Beginner Of Being Feminist In India.. Today Is Her Born Day.


The first-generation modern Indian feminist- Savitribai Phule

Today is the born anniversary of a great lady who stood up for women and is called as a first modern Indian feminist. Let us know who was she why was she known as the women who build the foundation for women empowerment in India.

A woman who taught Indians the real meaning of women empowerment, Savitribai Phule was a social activist and poetess.

She was born on 2nd January 1831 into a family of farmers in Naigaon, Maharashtra. She was married to 12-year-old Jyotirao Phule at an early age of 9. She played an important role in fighting for women’s right at the time when people hardly identified the grievances of women in India.

She along with her husband stood up to fight injustice against the women during the British rule in India. She is proudly described as “one of the first-generation modern Indian feminists.”

She did a lot to raise the condition of women in India. She was a child bride who stood up against the discrimination. At a very young age of seventeen, where most of the present day girls are busy building their own career, she opened the first women school at Bhide Wada in Pune in 1848.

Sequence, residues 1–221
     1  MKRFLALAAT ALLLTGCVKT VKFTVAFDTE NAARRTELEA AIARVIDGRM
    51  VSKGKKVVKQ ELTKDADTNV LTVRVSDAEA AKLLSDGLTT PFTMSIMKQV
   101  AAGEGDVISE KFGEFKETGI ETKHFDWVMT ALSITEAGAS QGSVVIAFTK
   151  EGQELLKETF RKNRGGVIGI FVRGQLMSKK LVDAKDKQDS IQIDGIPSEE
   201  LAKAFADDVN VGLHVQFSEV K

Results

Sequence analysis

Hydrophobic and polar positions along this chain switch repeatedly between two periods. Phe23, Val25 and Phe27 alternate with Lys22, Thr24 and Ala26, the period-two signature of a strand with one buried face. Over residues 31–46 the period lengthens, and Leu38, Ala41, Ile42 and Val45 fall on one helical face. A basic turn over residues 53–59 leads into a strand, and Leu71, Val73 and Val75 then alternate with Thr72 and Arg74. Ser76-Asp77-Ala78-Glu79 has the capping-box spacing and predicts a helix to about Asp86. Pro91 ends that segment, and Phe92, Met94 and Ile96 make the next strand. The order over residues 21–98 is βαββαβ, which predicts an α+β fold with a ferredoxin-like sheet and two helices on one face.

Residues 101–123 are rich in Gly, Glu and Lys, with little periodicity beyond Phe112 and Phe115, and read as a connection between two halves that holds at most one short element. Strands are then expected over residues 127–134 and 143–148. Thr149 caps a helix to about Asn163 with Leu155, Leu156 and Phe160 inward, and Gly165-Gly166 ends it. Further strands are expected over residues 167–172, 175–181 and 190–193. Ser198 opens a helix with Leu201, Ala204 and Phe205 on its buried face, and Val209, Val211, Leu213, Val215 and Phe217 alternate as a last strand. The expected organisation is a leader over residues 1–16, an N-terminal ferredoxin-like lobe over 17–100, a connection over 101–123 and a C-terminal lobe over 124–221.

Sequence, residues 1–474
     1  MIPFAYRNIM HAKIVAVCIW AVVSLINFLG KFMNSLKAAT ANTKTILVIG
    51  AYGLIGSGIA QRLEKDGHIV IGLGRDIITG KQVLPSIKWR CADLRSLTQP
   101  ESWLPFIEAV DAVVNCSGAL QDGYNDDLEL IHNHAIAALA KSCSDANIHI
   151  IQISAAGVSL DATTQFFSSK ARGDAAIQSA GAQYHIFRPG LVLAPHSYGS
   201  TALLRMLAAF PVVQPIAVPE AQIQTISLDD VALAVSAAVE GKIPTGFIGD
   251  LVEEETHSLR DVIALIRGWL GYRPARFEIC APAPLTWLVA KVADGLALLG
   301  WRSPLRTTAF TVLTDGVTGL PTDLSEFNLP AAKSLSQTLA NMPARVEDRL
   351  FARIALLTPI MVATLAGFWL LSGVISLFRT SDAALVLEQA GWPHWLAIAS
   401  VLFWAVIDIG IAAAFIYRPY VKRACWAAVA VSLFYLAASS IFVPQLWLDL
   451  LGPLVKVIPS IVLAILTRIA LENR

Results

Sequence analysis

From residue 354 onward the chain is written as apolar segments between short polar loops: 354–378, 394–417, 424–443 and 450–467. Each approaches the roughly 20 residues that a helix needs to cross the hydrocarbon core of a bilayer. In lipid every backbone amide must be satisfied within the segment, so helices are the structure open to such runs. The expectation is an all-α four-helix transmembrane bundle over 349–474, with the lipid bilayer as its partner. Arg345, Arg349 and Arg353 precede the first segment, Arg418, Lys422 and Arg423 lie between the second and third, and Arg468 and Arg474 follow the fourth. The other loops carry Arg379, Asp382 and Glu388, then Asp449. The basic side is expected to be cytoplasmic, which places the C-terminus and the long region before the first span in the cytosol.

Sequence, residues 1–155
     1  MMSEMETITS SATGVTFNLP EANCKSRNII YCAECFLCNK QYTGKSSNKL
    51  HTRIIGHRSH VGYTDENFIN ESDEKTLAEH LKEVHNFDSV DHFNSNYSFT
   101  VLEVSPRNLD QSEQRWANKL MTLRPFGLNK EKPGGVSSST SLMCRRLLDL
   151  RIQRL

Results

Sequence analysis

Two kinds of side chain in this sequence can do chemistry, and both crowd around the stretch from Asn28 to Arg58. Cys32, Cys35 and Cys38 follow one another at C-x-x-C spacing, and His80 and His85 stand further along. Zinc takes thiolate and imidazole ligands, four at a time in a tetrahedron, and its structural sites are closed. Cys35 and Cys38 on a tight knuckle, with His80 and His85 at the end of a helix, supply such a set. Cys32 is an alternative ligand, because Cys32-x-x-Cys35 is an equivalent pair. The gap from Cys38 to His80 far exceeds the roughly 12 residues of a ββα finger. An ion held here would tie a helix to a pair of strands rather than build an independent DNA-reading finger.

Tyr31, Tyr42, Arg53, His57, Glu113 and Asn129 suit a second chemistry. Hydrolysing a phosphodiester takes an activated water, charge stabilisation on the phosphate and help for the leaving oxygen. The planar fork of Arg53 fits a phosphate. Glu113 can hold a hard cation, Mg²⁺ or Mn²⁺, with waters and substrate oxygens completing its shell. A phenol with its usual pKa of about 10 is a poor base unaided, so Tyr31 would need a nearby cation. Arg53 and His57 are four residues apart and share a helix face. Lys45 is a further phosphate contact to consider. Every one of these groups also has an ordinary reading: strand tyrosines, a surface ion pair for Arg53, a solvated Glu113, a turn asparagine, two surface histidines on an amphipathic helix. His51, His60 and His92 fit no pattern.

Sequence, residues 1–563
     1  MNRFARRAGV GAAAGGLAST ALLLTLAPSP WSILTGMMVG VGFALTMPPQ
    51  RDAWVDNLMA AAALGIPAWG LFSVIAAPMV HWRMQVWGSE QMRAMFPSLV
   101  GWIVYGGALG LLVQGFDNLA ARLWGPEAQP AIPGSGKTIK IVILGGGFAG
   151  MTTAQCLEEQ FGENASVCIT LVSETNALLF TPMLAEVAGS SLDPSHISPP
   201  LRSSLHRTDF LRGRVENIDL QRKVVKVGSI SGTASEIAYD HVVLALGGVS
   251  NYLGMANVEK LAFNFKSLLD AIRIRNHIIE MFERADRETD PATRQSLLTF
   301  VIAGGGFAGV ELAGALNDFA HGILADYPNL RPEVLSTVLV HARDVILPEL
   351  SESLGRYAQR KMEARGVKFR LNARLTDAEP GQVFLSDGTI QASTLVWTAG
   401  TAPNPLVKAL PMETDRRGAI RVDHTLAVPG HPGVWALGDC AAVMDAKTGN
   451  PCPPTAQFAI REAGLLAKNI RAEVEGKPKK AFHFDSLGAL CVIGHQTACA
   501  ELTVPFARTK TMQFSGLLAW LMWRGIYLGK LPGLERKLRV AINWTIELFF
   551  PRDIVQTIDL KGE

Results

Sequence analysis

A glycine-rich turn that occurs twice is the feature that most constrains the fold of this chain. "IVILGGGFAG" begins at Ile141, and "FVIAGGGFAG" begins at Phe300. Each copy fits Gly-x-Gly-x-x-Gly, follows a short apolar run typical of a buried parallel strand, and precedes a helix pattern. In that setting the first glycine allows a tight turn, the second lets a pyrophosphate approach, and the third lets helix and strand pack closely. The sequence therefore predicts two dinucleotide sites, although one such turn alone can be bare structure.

She was the first one to raise the voice against the injustice done to the young widows. The widows at that time were used to shave their heads and wear a simple red sari and live a life of austerity. She organized a strike against the barbers in order to persuade them to stop shaving the heads of the widows.

She also noticed the plight of women who were the victims of sexual harassment and stood up for them. She opened a care center called “Balhatya Pratibandhak Griha”(Infanticide Prohibition house) for the pregnant rape victims in order to help them deliver their children.

Phule also worked to abolish discrimination and unfair treatment of people based on caste and gender. She found the treatment of the untouchables and opened a well in her house to serve drinking water for all those who were refused by the upper caste.

She died peacefully on 10 March 1897 taking care of the patients suffering from bacterial infection.


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